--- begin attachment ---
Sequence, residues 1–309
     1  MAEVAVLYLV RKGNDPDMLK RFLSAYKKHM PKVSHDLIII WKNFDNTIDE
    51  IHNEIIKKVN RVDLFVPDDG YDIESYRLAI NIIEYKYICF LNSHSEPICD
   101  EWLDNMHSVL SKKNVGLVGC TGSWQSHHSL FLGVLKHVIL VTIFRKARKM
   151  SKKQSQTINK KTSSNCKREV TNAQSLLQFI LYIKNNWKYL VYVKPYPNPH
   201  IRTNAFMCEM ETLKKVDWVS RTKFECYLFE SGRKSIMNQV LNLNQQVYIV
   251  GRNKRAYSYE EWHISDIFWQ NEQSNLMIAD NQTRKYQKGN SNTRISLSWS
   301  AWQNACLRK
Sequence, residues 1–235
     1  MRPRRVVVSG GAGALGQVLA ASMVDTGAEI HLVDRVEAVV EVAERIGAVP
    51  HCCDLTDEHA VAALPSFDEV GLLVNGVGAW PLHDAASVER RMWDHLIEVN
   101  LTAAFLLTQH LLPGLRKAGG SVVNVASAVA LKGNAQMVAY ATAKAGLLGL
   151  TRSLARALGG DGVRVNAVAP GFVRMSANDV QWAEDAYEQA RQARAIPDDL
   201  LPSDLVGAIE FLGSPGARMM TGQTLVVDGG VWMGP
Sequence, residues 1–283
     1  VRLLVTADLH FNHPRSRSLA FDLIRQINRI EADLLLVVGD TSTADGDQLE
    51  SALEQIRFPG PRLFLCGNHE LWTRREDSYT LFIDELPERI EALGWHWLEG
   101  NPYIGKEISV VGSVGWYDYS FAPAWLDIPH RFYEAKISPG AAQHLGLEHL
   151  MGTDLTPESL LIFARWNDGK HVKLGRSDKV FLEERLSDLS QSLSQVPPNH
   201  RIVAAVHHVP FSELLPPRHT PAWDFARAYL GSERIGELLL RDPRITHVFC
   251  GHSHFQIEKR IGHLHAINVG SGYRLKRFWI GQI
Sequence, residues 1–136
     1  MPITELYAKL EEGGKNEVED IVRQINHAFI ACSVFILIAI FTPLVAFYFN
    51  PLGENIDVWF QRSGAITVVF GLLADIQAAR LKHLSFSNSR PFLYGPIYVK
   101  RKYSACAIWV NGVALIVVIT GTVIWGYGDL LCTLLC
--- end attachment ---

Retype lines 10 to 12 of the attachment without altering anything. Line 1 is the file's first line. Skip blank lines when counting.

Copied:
     1  MRPRRVVVSG GAGALGQVLA ASMVDTGAEI HLVDRVEAVV EVAERIGAVP
    51  HCCDLTDEHA VAALPSFDEV GLLVNGVGAW PLHDAASVER RMWDHLIEVN
   101  LTAAFLLTQH LLPGLRKAGG SVVNVASAVA LKGNAQMVAY ATAKAGLLGL